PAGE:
CPR goes AWOL: Life-saving act less likely in Hispanic neighborhoods

Cardiopulmonary resuscitation training, like this, is often not widely available in Spanish, just one of the reasons that the life-saving first-aid procedure is less likely to be administered by bystanders in Hispanic communities, a recent report says. (Photo by Truckee Meadows Community College/Creative Commons)

Maryvale resident Jennifer Pastrana, at home with her mother, Rosa, worries that a lack of training in Hispanic communities for CPR could mean that people will not be ready to respond if a friend or family member has a potentially life-threatening medical event. (Photo by Concettina Giuliano/Cronkite News)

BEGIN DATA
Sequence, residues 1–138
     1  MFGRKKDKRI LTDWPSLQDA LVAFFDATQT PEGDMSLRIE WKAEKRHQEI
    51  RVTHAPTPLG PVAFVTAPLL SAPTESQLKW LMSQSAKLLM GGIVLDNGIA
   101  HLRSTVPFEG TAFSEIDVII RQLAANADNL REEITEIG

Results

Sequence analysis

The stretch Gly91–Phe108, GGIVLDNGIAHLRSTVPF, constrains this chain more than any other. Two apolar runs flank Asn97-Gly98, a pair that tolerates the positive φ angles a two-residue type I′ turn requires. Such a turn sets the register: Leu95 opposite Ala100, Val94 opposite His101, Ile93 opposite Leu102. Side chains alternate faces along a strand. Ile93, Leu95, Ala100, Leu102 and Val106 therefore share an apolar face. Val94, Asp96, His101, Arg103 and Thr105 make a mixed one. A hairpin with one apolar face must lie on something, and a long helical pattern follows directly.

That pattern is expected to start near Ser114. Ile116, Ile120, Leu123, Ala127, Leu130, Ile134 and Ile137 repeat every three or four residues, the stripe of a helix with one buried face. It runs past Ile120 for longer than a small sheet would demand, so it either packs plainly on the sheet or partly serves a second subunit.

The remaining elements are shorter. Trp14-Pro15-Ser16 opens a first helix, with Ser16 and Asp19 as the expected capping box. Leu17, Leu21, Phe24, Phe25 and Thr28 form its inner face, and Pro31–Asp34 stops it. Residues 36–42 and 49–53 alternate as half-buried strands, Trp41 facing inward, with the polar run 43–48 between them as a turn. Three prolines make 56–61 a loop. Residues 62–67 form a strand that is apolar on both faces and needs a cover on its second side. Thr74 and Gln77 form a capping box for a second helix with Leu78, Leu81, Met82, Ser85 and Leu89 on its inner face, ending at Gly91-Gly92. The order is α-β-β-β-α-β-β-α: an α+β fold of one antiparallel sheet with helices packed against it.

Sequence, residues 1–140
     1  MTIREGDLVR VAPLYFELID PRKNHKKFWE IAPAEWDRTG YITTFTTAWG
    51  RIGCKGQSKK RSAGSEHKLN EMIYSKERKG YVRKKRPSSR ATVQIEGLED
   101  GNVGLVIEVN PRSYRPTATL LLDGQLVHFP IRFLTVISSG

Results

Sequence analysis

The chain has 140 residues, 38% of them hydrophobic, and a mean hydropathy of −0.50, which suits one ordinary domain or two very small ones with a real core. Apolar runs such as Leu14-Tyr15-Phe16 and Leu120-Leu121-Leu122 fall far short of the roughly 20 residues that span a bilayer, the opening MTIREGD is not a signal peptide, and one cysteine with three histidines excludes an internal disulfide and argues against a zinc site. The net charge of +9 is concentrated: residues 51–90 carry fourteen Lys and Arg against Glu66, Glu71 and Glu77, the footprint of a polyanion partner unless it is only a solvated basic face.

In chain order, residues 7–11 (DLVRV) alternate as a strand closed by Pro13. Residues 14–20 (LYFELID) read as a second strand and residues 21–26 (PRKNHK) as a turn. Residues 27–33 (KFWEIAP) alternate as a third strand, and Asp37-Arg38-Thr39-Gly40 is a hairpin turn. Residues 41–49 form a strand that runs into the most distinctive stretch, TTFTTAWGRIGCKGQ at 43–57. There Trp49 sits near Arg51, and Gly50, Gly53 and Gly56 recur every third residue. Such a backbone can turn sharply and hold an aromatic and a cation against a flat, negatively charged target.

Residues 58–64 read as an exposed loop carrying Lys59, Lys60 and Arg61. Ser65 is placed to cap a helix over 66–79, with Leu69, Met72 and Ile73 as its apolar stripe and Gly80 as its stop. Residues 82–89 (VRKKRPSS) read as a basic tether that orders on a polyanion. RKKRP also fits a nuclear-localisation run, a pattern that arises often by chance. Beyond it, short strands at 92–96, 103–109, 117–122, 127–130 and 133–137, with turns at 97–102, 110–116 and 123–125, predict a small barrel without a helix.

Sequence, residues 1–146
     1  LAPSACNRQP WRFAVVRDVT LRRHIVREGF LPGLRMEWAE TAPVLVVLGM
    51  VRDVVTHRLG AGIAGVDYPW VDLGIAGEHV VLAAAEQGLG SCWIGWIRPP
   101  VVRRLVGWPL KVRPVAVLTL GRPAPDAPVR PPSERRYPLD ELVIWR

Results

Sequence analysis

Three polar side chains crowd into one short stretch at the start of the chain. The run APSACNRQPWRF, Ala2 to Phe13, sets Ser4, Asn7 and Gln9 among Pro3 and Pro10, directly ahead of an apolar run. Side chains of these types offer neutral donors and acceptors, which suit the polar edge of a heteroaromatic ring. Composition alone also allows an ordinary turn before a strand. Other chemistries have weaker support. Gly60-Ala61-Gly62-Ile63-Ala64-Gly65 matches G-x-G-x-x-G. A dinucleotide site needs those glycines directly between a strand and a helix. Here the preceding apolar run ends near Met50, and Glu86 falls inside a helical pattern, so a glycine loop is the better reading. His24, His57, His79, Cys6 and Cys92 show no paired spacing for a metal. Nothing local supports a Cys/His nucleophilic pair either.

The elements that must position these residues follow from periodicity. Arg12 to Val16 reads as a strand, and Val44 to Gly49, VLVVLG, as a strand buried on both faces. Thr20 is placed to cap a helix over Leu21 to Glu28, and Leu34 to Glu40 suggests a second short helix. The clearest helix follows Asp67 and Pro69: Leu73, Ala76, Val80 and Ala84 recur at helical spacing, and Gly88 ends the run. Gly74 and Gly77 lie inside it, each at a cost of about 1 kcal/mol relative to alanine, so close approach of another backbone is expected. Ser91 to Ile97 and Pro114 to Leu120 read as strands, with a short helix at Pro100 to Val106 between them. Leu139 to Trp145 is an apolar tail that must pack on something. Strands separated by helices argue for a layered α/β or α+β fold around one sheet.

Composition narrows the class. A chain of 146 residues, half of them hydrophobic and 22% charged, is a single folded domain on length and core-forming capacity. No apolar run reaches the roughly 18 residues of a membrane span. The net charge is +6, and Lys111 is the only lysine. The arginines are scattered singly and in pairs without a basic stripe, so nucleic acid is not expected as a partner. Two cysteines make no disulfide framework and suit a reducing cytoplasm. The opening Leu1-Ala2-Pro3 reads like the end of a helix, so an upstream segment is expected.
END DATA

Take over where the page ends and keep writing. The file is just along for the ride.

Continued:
PHOENIX – Jennifer Pastrana calls her mom a traditional Hispanic mother, working multiple jobs to provide for her family and save some money, and leaving little time for visits to the doctor – much less CPR training.

But it’s not just Pastrana’s mom.

A study last year found bystander CPR – given, as the name suggests, by a bystander when someone suffers a heart attack – is less common in neighborhoods that are primarily Hispanic, and that chances of surviving a cardiac arrest in those neighborhoods are low.

That situation is made more complicated by a reluctance by residents of Hispanic neighborhoods to call 911, according to another study, a call that could bring help to someone in need of CPR or could walk a bystander through the procedure.